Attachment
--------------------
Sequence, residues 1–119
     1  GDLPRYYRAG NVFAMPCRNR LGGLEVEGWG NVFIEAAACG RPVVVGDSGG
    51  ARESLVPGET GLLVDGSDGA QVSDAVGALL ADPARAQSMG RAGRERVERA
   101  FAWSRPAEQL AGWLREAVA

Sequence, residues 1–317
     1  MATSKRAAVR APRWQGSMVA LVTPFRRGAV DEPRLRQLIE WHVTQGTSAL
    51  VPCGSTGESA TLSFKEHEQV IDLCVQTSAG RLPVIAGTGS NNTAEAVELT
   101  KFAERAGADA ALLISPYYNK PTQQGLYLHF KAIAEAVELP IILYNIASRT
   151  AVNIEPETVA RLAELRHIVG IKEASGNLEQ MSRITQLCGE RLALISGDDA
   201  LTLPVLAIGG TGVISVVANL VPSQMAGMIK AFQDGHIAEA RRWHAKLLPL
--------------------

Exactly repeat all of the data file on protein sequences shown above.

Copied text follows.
Sequence, residues 1–119
     1  GDLPRYYRAG NVFAMPCRNR LGGLEVEGWG NVFIEAAACG RPVVVGDSGG
    51  ARESLVPGET GLLVDGSDGA QVSDAVGALL ADPARAQSMG RAGRERVERA
   101  FAWSRPAEQL AGWLREAVA

Sequence, residues 1–317
     1  MATSKRAAVR APRWQGSMVA LVTPFRRGAV DEPRLRQLIE WHVTQGTSAL
    51  VPCGSTGESA TLSFKEHEQV IDLCVQTSAG RLPVIAGTGS NNTAEAVELT
   101  KFAERAGADA ALLISPYYNK PTQQGLYLHF KAIAEAVELP IILYNIASRT
   151  AVNIEPETVA RLAELRHIVG IKEASGNLEQ MSRITQLCGE RLALISGDDA
   201  LTLPVLAIGG TGVISVVANL VPSQMAGMIK AFQDGHIAEA RRWHAKLLPL